'Immunoscore' improves prediction of colon cancer recurrence

Reuters Health Information: 'Immunoscore' improves prediction of colon cancer recurrence

'Immunoscore' improves prediction of colon cancer recurrence

Last Updated: 2018-05-31

By Reuters Staff

NEW YORK (Reuters Health) - The "Immunoscore" assay reliably estimates the risk of recurrence in patients with colon cancer, according to an international validation study.

Immunoscore, based on the density of CD3+ and CD8+ T cells within the tumor and its invasive margin, has been shown to predict clinical outcome in patients with early and advanced colorectal cancer.

Dr. Franck Pages from INSERM, Laboratory of Integrative Cancer Immunology and Universite Paris Descartes, in Paris, and colleagues in 13 countries in North America, Europe and Asia joined forces to validate the Immunoscore in clinical practice for patients with stage I-III colon cancer.

Overall, 22% of patients had a low Immunoscore, 51% had an intermediate Immunoscore and 27% had a high Immunoscore, the team reports in The Lancet, online May 10.

Recurrence risk was inversely related to Immunoscore: recurrence at three years was seen in 5% of patients with a high Immunoscore, 17% of patients with an intermediate Immunoscore and 26% of patients with a low Immunoscore.

Overall survival followed a similar pattern: 87% at three years and 82% at five years for patients with a high Immunoscore; 85% and 77%, respectively, for patients with an intermediate Immunoscore; and 76% and 62% for patients with a low Immunoscore.

When stratified into two categories, patients with a high Immunoscore had a significantly longer time to recurrence, overall survival and disease-free survival, compared with patients with a low Immunoscore.

Immunoscore proved valid in each continent.

Immunoscore predicted overall survival better than that of existing tumor risk parameters, including grade of differentiation, microsatellite instability, mucinous colloid type, sidedness, venous emboli, lymphatic invasion and perineural invasion.

Immunoscore had similar predictive accuracy as T stage and N stage, and adding Immunoscore to a model combining all clinical variables significantly improved the prediction for overall survival.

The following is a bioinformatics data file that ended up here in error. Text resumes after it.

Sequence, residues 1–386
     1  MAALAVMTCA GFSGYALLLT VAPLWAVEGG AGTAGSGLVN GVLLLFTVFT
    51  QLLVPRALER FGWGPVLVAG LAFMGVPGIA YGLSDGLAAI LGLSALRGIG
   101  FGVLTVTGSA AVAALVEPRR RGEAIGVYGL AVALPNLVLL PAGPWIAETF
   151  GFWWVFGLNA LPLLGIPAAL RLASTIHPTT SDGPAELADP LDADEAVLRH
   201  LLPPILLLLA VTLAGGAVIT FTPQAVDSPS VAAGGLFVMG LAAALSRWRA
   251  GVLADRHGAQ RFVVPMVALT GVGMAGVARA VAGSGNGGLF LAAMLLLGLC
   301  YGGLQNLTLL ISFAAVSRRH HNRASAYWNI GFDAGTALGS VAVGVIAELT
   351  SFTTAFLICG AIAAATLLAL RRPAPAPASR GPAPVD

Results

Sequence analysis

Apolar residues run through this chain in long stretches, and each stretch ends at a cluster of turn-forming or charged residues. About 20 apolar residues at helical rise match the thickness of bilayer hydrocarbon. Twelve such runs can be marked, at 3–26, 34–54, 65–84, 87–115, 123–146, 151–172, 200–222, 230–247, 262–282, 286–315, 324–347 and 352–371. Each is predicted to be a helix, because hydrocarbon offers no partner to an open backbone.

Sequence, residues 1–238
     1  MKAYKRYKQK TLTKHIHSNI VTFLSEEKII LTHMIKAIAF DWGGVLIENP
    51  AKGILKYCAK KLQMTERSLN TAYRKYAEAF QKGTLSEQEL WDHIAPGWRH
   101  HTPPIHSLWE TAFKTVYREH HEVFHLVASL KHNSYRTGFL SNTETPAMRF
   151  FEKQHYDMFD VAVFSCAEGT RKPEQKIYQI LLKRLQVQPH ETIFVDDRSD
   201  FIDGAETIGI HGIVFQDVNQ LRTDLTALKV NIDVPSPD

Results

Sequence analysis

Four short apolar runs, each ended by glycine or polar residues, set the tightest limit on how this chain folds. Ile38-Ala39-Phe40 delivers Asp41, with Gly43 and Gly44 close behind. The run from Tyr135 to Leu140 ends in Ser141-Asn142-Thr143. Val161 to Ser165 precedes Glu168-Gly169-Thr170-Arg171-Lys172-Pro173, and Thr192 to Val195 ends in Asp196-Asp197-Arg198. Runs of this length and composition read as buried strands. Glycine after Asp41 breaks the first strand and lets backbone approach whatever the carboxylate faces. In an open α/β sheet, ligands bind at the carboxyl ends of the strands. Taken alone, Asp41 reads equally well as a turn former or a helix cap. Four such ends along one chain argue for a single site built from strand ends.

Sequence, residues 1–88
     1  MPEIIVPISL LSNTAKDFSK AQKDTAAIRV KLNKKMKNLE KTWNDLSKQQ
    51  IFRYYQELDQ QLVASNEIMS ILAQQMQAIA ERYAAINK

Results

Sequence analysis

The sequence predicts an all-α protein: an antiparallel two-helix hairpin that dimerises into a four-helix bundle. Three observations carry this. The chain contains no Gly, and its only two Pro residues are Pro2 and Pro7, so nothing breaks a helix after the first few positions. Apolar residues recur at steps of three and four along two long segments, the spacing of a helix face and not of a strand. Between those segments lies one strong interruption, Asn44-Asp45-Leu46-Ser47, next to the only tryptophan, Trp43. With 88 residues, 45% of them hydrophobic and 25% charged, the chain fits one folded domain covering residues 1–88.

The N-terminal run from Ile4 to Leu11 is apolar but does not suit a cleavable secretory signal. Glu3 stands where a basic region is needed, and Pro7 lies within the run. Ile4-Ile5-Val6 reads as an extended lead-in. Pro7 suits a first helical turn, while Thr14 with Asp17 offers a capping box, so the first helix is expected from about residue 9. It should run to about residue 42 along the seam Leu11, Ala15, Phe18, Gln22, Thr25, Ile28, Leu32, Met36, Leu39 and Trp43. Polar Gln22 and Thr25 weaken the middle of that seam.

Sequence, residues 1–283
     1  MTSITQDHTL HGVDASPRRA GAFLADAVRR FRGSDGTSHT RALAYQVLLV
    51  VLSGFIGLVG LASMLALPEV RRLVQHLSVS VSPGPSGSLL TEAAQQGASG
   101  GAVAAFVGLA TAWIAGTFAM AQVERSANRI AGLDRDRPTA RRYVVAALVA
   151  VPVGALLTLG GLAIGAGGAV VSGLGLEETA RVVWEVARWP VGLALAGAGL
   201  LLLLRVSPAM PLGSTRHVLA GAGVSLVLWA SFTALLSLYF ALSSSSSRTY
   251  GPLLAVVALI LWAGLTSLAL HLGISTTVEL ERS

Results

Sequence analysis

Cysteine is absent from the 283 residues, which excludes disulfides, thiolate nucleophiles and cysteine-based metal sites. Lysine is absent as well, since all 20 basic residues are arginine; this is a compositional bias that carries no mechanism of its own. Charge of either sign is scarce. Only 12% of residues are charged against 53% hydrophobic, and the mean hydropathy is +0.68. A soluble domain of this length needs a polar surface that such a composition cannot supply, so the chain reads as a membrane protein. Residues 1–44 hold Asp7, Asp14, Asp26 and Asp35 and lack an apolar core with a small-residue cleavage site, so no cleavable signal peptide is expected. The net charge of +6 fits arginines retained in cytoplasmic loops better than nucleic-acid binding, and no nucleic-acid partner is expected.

"The reproducibility and robustness of the consensus Immunoscore as a strong prognostic factor in association with the TNM classification system favors its implementation as a new component in the classification of cancer, designated TNM-Immune," the researchers conclude. "This would represent the first standardized immune-based assay for the classification of cancer."

"One outstanding issue that has yet to be resolved is whether the Immunoscore can serve as an actionable predictive biomarker for response to therapy; another issue is the costs, benefits, and feasibility of the Immunoscore as a test in a pathology laboratory workflow," write Dr. Shuji Ogino and Dr. Marios Giannakis from Dana-Farber Cancer Institute, in Boston, in a related editorial. "Additionally, T cells encompass very heterogeneous cell populations, and other immune cells such as natural killer cells, dendritic cells, and macrophages are also important in determining the behavior of cancer cells."

"There is still much to learn about the tumor-immune interactions and the clinical utility of existing and emerging immune biomarkers," they note.

"After clinical utility and cost-effectiveness are proven, the Immunoscore assay could be implemented in clinical settings," the editorial concludes. "Widespread use of high-quality tumor-immune interaction analyses will transform clinical and population studies worldwide, which will eventually contribute to global cancer prevention and control."

Dr. Pages and co-author Dr. Jerome Galon did not respond to a request for comments.

SOURCE: https://bit.ly/2xrzFF7 and https://bit.ly/2kBNnvL

Lancet 2018.

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